Cleaning out the inbox: Random thoughts on Yorkisms
Last week, I shared some odds and ends of notes about York County food traditions I found while sorting out my email.
This week, I’d like to ask you to sit a spell as I do the same with some thoughts on Yorkisms – those not “only” in York County, but prevalent locally, phrases we have such fun with!
From Rory: “I’ve been meaning to send this one to you for some time now. It may not be ‘Only in York’ but a Central PA thing is definitely the use of ‘a while’ to mean ‘now’ instead ‘for a brief period.’ I always chuckle at servers who will bring me my drink a while, but the latest incident was overhearing a guard at ZooAmerica tell a family from New York that she needed to look in their bags a while. They were clearly mystified.”
From Bill Schmeer: (Referring to this post) “I’m with your boss. It curdles my milk when I hear, or more correctly, when I don’t hear the verb, to be, in its proper order. Can you imagine the problem Bill Shakespeare would have had writing Hamlet’s monologue without it? Forsooth and gadzooks.”
From Sue Frederiksen: “For some Yorkisms, how ’bout ‘read off the table’ or ‘I’ve got to read up’?” I have written about these before, though the spelling I’d found was more often redd, and you can read more about that here!
From Bob Kirkpatrick: “Back when I was a kid, a number of York boys went to summer camp in Vermont, along with other boys from all over the country. While there, people would know we were from the York area because we asked ‘Yorkian questions.’ Those totally superfluous questions would come after someone said he was going out in a canoe… ‘Are ya?’… or after someone played baseball… ‘Didge ya?'” (By the way, Bob and I are talking about a way to share some more Yorkers-at-camp memories; he went to and later was involved as an adult with the Keewaydin camp, and I know there are many more that drew and still draw lots of York County residents!)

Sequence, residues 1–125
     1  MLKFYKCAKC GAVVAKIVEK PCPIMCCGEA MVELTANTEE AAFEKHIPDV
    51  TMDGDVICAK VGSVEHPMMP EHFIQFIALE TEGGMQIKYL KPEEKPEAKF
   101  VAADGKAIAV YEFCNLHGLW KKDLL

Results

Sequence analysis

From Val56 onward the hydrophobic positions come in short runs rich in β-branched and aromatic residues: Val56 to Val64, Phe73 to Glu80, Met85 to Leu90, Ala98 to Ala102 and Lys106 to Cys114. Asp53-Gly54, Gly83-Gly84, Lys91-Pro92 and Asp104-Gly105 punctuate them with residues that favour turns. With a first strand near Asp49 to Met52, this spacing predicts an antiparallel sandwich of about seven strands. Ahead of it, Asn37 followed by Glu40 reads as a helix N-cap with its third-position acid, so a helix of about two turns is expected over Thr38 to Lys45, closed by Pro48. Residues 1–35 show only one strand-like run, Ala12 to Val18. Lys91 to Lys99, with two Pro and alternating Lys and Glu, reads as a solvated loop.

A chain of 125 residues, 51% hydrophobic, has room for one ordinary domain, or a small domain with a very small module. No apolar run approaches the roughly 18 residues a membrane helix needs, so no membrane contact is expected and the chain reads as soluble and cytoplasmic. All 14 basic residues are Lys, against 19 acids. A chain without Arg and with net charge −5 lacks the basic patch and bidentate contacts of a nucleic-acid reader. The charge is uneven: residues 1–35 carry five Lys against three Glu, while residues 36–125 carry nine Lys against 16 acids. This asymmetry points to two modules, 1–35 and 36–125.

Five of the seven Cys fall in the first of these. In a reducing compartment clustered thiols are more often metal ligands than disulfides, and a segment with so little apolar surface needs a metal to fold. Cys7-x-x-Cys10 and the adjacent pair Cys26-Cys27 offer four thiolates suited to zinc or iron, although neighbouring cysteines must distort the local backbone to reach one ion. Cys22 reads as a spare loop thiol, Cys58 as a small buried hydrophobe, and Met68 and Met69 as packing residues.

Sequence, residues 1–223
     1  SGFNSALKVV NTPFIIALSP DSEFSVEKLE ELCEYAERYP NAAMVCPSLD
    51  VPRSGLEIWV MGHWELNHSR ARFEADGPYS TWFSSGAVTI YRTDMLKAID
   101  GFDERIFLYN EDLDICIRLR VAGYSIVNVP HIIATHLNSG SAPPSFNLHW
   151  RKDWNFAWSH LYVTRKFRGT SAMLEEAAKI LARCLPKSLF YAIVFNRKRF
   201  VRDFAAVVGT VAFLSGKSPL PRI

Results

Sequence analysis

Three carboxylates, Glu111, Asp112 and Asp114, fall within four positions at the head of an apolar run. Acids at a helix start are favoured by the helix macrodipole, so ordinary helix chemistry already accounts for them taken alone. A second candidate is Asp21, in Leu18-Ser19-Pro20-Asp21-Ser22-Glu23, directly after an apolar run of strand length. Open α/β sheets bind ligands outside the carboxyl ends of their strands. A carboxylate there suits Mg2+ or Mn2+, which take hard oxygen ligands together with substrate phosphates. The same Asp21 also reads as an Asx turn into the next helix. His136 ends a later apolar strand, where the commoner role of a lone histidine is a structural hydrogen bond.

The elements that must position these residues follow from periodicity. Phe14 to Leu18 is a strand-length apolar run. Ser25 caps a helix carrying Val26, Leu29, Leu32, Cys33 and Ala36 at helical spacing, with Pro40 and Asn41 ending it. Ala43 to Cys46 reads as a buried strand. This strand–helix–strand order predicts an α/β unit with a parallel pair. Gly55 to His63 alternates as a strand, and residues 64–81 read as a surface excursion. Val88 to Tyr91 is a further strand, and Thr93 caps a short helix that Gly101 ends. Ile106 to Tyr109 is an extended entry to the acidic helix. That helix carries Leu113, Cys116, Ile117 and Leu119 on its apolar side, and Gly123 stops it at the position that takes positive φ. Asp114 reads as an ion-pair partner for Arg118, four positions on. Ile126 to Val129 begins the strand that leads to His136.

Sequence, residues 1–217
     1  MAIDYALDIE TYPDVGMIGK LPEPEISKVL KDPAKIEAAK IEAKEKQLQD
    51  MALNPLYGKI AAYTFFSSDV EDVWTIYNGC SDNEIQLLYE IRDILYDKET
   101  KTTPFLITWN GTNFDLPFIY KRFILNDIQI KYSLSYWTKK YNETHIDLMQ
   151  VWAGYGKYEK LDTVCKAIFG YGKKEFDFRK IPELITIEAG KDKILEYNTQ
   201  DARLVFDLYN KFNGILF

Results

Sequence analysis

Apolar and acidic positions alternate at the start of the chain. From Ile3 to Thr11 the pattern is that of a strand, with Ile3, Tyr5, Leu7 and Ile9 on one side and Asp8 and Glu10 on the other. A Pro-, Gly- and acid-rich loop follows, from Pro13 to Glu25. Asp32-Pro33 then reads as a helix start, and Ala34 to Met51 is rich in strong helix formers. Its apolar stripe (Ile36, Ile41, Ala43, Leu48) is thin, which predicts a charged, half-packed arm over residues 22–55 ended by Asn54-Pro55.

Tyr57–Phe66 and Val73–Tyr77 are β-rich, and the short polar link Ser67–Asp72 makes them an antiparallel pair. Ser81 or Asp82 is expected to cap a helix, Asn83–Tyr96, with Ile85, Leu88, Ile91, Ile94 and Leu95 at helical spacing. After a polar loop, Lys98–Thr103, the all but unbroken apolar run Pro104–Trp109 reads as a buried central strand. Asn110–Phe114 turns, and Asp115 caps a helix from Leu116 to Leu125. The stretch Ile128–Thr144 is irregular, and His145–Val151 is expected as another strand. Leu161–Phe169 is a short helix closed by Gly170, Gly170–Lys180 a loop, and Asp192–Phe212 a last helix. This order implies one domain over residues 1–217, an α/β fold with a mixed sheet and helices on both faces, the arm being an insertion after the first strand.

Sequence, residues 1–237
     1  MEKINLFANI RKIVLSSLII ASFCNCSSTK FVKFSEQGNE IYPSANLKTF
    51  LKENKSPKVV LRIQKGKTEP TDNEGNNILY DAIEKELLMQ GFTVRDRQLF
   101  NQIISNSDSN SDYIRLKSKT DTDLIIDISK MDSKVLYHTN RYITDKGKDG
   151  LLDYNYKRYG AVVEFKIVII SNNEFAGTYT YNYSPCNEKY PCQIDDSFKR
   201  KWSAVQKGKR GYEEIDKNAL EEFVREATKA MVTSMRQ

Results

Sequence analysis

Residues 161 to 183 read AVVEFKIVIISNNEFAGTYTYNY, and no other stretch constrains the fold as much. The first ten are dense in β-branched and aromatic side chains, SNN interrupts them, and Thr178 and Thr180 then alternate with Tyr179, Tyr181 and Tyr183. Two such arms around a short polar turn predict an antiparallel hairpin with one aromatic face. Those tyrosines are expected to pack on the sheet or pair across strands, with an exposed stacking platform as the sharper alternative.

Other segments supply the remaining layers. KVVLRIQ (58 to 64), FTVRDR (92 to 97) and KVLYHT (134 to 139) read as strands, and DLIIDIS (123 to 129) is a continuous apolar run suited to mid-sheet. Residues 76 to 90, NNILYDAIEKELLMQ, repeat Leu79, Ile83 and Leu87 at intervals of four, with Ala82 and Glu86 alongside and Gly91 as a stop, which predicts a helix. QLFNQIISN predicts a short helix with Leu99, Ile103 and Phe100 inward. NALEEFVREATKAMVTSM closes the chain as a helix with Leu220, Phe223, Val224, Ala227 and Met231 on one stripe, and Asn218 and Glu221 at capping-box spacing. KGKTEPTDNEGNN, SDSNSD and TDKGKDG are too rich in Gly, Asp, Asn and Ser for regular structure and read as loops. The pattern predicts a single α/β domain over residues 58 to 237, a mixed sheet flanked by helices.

From Maxine Kuntz: (Referring to this post) “‘Skunned’ is Pa. Dutch for skinned. About 50 years ago, I moved to York County & a new neighbor told me she had to go home to ‘skun’ a chicken. When I asked her what it was, her Father (about 80) said I was the dumbest woman he ever met!”
From Gwen: (Referring to this post) “You are not alone. I’m 53 and was told I said [yesterday night] when I was a little girl living in New York. I was in Va. visiting my grown kids and my grandson from Fredrick, Md., said ‘yesterday night.’ I knew exactly what he meant and had to call my mom who lives in York, Pa. and told her history is repeating itself. Yesterday night is exactly what it is. Yesterday… night.” Thank you, Gwen!!
From Steve S: “We fix something to eat. (As if it were broken.) And as for the ‘dippy eggs,’ I’ve driven truck for the last 14 years, and the first time I ordered them at a truckstop down south, I got the oddest look from the waitress.”
From Rick Moul, also on traveling for work: “As a salesperson who travels ‘once’ is the worst Yorkism for me to carry with me. It often draws a look from my customers as if I am only willing to do something one time.”
From Steve Early: “Joan, I was cracking up when I read the crazy grammar from York County! I grew up in Spring Grove 40 Years ago and now live in Dallas Texas. Let me say that with the crazy expressions here, I still am considered the hick! LOL.”
Thanks to all y’all, youse, yins, you guys and so on for sharing these with me!